The 892 unique ways to partition a 3 x 4 grid

Designed by Thomas Gaskin.
Creative direction by Hugh Dubberly.
Algorithms by Patrick Kessler.
Patent belongs to William Drenttel + Jessica Helfand.

This poster illustrates a change in design practice. Computation-based design—that is, the use of algorithms to compute options—is becoming more practical and more common. Design tools are becoming more computation-based; designers are working more closely with programmers; and designers are taking up programming.

Above, you see the 892 unique ways to partition a 3 × 4 grid into unit rectangles. For many years, designers have used grids to unify diverse sets of content in books, magazines, screens, and other environments. The 3 × 4 grid is a common example. Yet even in this simple case, generating all the options has—until now—been almost impossible.

Patch Kessler designed algorithms to generate all the possible variations, identify unique ones, and sort them—not only for 3 × 4 grids but also for any n × m grid. He instantiated the algorithms in a MATLAB program, which output PDFs, which Thomas Gaskin imported into Adobe Illustrator to design the poster.

Rules for generating variations
The rule system that generated the variations in the poster was suggested by Bill Drenttel and Jessica Helfand who noted its relationship to the tatami mat system used in Japanese buildings for 1300 years or more. In 2006, Drenttel and Helfand obtained U.S. Patent 7124360 on this grid system—“Method and system for computer screen layout based on recombinant geometric modular structure”.

The tatami system uses 1 × 2 rectangles. Within a 3 × 4 grid, 1 × 2 rectangles can be arranged in 5 ways. They appear at the end of section 6.

Unit rectangles (1 × 1, 1 × 2, 1 × 3, 1 × 4; 2 × 2, 2 × 3, 2 × 4; 3 × 3, 3 × 4) can be arranged in a 3 × 4 grid in 3,164 ways. Many are almost the same—mirrored or rotated versions of the same configuration. The poster includes only unique variations—one version from each mirror or rotation group. Colors indicate the type and number of related non-unique variations. The variations shown in black have 3 related versions; blue, green, and orange have 1 related version; and magenta variations are unique, because mirroring and rotating yields the original, thus no other versions. (See the table to the lower right of the poster for examples.)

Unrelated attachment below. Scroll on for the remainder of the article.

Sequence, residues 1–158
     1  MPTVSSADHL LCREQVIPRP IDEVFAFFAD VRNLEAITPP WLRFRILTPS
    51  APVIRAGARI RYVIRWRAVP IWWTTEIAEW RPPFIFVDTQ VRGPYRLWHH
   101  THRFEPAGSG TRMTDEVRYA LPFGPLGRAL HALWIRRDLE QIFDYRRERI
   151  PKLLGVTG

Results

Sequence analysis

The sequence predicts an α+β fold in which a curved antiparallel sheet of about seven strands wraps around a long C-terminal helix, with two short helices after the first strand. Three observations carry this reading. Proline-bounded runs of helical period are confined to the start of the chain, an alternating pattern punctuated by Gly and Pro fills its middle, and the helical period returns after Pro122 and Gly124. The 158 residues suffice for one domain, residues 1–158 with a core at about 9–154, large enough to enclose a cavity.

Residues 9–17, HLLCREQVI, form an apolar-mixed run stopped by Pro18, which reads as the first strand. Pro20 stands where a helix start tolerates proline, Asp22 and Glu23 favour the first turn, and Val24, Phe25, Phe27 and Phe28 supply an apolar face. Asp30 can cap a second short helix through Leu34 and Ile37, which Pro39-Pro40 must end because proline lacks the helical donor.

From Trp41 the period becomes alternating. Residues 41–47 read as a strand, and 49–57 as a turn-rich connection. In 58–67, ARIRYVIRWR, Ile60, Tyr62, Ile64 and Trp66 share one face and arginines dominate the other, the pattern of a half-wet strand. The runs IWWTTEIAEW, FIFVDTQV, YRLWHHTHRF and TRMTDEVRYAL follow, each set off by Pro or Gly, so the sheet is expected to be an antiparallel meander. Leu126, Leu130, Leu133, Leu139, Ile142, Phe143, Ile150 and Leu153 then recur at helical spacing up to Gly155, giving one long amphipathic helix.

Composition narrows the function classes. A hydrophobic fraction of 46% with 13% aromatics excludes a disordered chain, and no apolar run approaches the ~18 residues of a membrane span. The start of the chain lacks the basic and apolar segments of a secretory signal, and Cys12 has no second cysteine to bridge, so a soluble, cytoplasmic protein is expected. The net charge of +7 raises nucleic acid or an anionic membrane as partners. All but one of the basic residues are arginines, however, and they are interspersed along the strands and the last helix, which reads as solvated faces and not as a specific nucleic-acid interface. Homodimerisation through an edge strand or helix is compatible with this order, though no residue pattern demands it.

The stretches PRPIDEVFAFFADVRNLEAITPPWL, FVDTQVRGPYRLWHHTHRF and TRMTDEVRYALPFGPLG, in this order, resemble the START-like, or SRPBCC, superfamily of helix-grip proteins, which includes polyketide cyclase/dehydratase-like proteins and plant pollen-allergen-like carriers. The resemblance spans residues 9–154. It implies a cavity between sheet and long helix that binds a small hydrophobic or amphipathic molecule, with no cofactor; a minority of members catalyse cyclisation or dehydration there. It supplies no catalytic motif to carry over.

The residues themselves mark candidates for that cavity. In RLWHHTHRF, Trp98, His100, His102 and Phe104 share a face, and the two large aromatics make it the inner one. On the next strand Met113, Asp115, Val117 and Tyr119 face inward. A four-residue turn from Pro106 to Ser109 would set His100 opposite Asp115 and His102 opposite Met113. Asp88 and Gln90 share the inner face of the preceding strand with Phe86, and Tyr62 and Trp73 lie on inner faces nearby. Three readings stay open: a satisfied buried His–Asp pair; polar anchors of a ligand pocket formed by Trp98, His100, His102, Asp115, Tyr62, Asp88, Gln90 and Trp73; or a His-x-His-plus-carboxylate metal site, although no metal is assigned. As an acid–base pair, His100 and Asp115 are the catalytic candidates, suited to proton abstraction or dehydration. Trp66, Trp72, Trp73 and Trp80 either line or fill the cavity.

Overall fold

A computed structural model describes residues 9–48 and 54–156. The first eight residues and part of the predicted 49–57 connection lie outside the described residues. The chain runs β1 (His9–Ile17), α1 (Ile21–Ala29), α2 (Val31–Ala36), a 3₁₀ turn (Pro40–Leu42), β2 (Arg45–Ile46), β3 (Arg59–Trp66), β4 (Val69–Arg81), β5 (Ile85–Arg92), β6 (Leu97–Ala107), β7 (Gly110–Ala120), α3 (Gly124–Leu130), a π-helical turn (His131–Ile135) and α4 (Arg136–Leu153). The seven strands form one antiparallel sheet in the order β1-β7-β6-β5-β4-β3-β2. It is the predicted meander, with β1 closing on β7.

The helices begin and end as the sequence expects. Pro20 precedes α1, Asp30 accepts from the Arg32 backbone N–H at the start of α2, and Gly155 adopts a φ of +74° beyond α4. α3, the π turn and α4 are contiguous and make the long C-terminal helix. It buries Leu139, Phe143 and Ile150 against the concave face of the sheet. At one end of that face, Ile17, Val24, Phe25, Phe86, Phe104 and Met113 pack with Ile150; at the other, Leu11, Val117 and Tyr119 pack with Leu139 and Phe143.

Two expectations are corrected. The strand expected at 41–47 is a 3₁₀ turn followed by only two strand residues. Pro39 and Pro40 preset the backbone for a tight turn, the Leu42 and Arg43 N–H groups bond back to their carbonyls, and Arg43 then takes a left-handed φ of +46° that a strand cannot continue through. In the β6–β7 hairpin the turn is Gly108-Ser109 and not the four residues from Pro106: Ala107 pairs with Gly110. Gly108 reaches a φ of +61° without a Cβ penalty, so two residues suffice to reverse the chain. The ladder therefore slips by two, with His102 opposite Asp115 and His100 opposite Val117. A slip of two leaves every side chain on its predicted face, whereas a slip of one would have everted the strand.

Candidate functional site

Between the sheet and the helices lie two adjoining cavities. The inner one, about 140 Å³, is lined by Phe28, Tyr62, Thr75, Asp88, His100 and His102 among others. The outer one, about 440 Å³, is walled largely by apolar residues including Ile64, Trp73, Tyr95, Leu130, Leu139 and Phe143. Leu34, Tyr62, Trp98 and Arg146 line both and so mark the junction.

Rules for sorting
The poster groups variations according to the number of non-overlapping rectangles. The large figures indicate the beginning of each group. The sequence begins in the upper left and proceeds from left to right and top to bottom. Each group is further divided into sub-groups sharing the same set of elements. The sub-groups are arranged according to the size of their largest element from largest to smallest. Squares precede rectangles of the same area; horizontals precede verticals of the same dimensions. Within sub-groups, variations are arranged according to the position of the largest element, preceding from left to right and top to bottom. Variations themselves are oriented so that the largest rectangle is in the top left. Black dots separate groups by size. Gray dots separate groups by orientation.

Where to learn more
Grids have been described in design literature for at least 50 years. French architect Le Corbusier describes grid systems in his 1946 book, Le Modulor. Swiss graphic designer Karl Gerstner describes a number of grid systems or “programmes” in his 1964 book, Designing Programmes. The classic work on grids for graphic designers is Josef Muller-Brockman’s 1981 book, Grid Systems.

Download Poster PDF

Patch Kessler explores the mathematical underpinnings of grid generation in his paper “Arranging Rectangles”.

Thomas Gaskin and Sean Durham have created an interactive tool for viewing variations and generating HTML.

The 892 ways to partition a 3×4 grid from thomas gaskin on Vimeo.

A related problem is “computing motives of moduli stacks of vector bundles on stacky curves” — or counting the ways that a square can be divided into similar rectangles.

See also “Squaring the Square”.


  • Ale Muñoz

    Mar 4, 2011
    3:48 pm

    This is lovely, in a “math is beauty” way. I am so hanging it in my walls 🙂

  • chris

    Mar 6, 2011
    2:02 pm